Skip to content


Switch branches/tags

Name already in use

A tag already exists with the provided branch name. Many Git commands accept both tag and branch names, so creating this branch may cause unexpected behavior. Are you sure you want to create this branch?

Customizable Adjustable Glass Bed Bracket

Customizable adjustable bracket for mounting glass plates on the print bed of 3D printers like the FlashForge Creator Pro (formerly thing:1949142)


Creative Commons - Attribution - Share Alike


This is a remix of multiple source models: the original ‘Flashforge Creator Pro Adjustable Glass Bed Bracket’ by chewbone (Thingiverse thing:1291106), which was modified by omegatron (Thingiverse thing:1296854), then by Lochemage (Thingiverse thing:1940192), and then by me.

Photo 1🔎 Photo 2🔎 Photo 3🔎 Photo 4🔎 Parts🔎 Printing🔎

Yes, there's quite a bit of text here, but it's worth it to read all of it. Even if you're familiar with Customizer and printing strong heat-resistant parts, you should still read the ‘Mounting’ and ‘Using’ sections for some important hints.


This is yet another iteration of the adjustable glass bed bracket. This time, not only the bracket itself is adjustable, so is the model! This customizable bracket fits the FlashForge Creator Pro and printers with similar build plates with M3 bolts at their corners. The adjustable knob makes it easy to swap out glass plates if you have more than one, so you can start printing on another plate while the first one is still cooling down.

The main advantage of this design is that it allows to mount the glass plate without anything sticking out above it. This means you never need to worry about the risk of your nozzles crashing into the brackets. This particular remix improves upon the originals by not sandwiching the bracket between the bed and the pin. This makes it much easier to adjust the bracket, and it also offers a more balanced mount.

If you have yet to buy a glass plate, try to find one that is just a few millimeters smaller than the bed in both the X and Y directions, and has rounded or beveled edges. Such plates work best with these brackets. Borosilicate glass is highly preferred over regular glass. Avoid plates thicker than 4 mm: they will take long to heat, and because glass is a rather good thermal insulator, their surface temperature will be a lot lower than expected.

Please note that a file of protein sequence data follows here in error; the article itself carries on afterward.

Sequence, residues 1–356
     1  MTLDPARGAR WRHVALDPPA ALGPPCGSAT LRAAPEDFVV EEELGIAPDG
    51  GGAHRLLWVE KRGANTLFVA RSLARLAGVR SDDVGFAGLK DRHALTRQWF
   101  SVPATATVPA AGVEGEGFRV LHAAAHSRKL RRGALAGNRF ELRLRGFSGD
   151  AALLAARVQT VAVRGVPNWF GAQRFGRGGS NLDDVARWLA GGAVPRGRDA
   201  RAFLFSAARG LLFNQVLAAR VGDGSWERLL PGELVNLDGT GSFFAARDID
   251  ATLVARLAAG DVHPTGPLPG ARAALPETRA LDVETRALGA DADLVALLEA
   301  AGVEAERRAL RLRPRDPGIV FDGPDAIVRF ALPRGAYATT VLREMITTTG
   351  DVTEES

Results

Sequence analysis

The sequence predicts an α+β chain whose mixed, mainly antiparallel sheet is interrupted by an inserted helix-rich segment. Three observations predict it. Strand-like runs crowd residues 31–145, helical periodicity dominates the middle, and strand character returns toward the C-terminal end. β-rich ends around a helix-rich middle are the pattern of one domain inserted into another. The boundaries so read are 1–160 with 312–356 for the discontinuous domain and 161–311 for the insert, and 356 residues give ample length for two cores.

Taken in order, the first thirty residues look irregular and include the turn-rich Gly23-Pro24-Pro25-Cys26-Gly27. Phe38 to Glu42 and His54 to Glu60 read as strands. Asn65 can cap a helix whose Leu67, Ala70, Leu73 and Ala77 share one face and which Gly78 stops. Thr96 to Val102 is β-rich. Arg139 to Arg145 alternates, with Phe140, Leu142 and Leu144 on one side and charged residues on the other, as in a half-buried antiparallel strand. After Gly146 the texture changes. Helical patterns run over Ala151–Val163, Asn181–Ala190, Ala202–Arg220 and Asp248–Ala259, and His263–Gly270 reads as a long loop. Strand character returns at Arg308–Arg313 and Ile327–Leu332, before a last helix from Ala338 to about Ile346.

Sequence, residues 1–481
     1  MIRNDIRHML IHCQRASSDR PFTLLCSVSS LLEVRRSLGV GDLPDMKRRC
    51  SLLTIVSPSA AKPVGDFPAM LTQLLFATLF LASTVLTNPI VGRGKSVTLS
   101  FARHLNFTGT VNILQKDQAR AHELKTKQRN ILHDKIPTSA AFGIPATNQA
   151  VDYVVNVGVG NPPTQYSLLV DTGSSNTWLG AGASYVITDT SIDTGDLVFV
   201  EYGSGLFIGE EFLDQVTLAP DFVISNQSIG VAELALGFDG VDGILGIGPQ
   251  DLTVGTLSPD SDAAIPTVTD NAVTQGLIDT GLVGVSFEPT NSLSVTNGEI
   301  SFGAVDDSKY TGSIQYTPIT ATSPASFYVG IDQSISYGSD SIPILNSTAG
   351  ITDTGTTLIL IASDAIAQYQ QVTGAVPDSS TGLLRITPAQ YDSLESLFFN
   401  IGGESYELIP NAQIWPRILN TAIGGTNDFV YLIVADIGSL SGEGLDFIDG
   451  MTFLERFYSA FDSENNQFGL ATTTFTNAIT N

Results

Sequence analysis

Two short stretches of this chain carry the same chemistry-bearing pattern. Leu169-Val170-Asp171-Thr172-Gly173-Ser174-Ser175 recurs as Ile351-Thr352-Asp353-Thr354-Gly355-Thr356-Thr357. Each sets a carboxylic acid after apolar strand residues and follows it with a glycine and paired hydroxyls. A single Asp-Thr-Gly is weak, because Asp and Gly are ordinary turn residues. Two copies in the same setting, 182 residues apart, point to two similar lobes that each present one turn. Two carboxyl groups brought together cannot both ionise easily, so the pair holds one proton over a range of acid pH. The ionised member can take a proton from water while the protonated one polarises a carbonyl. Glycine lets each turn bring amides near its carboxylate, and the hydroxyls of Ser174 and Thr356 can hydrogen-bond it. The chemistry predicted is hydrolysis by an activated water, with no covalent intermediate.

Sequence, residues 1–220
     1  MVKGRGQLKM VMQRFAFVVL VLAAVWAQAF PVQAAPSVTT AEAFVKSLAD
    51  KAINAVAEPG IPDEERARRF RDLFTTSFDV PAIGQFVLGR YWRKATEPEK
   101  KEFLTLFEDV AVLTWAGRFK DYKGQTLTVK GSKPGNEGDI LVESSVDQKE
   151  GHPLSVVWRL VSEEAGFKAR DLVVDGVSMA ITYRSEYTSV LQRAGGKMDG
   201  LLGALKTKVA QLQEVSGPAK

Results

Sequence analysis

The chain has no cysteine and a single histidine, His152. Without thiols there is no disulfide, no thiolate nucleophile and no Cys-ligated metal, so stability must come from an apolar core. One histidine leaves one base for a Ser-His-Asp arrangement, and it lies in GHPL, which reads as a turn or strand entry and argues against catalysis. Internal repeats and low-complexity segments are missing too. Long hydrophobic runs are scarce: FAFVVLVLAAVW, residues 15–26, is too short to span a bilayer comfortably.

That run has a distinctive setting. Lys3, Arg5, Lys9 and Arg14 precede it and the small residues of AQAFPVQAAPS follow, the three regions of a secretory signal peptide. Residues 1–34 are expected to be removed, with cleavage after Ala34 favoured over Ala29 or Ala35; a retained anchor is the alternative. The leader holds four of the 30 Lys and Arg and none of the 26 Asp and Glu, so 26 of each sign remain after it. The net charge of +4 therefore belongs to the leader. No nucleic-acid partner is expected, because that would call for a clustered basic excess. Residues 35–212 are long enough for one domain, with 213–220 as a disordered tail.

Obvious disclaimer: I am not responsible for any possible damage caused by the use of these brackets, not if you follow my advice, and certainly not if you ignore it.  

Creating a customized bracket

Do not just print the example STL file, it is unlikely to fit your setup. Instead, open the .scad file in OpenSCAD and use the OpenSCAD Customizer to generate brackets that match your particular bed and glass dimensions. The Customizer is limited to plates roughly the same width and depth as the heated bed itself.

If you are making brackets for a popular combination of printer model and glass bed, consider saving your parameters as a new customizer preset. The preset will be saved in the .json file and it would be nice if this would then be included in this repository, such that other users having the same printer and bed could simply load that preset from the customizer UI. To allow this, send me your updated .json file (for instance through a pull request).

Measure the width, depth and height (in other words X, Y and Z dimensions) of both the glass plate(s) and the bed (without glass). Next, enter those values in the corresponding fields in Customizer. Be as accurate as possible! Aim for at least 0.5 mm accuracy, this is possible with a simple ruler and a keen eye. If you have multiple supposedly “identical” plates, there will often be small differences between them: take the minimum width and depth across all plates.

You can opt to mount the brackets on the front right and rear left corners, or front left and rear right. One pair of brackets is sufficient, but should you want to clamp all corners anyway, just run Customizer twice for both configurations. The models are marked so you know where to mount them: FR = front right, FL = front left, RL = rear left, RR = rear right.

The default is to center the glass on the print bed, but if you want to align one of its edges to an edge of the bed, you can select that in the options. For instance, I have aligned mine to the front edge because my start G-code chops off oozed filament on that edge.

You can choose to add an extra pair of tiny ridges that may help to keep the plate clamped down, an explanation can be found below.

The option ‘Rear Corner Fix’ in the advanced settings compensates for an oddness of the FFCP (at least mine). This is also explained below. Don't forget to disable this if you are generating brackets for printers with a different bed design.

If your glass plate is larger than the bed, you may want to enable ‘allowTabInset’ in the advanced settings to allow the glass to extend somewhat into the edges of the bracket. This option is disabled by default because it could make the bracket weaker. If the glass extends much more in one direction than the other, the inset will only occur for one edge to ensure alignment. Avoid that situation, and again: avoid plates larger than the bed altogether.

If the generated 3D model shows “FAIL,” then either you've entered non-numerical dimensions, or your glass plate is unfortunately too large or small to be compatible with the brackets. You can try to fiddle with the advanced settings if the dimensions are borderline, but it is advisable to find some other glass instead, that has nearly the same size as the bed.

When to use the ‘Extra ridges’ option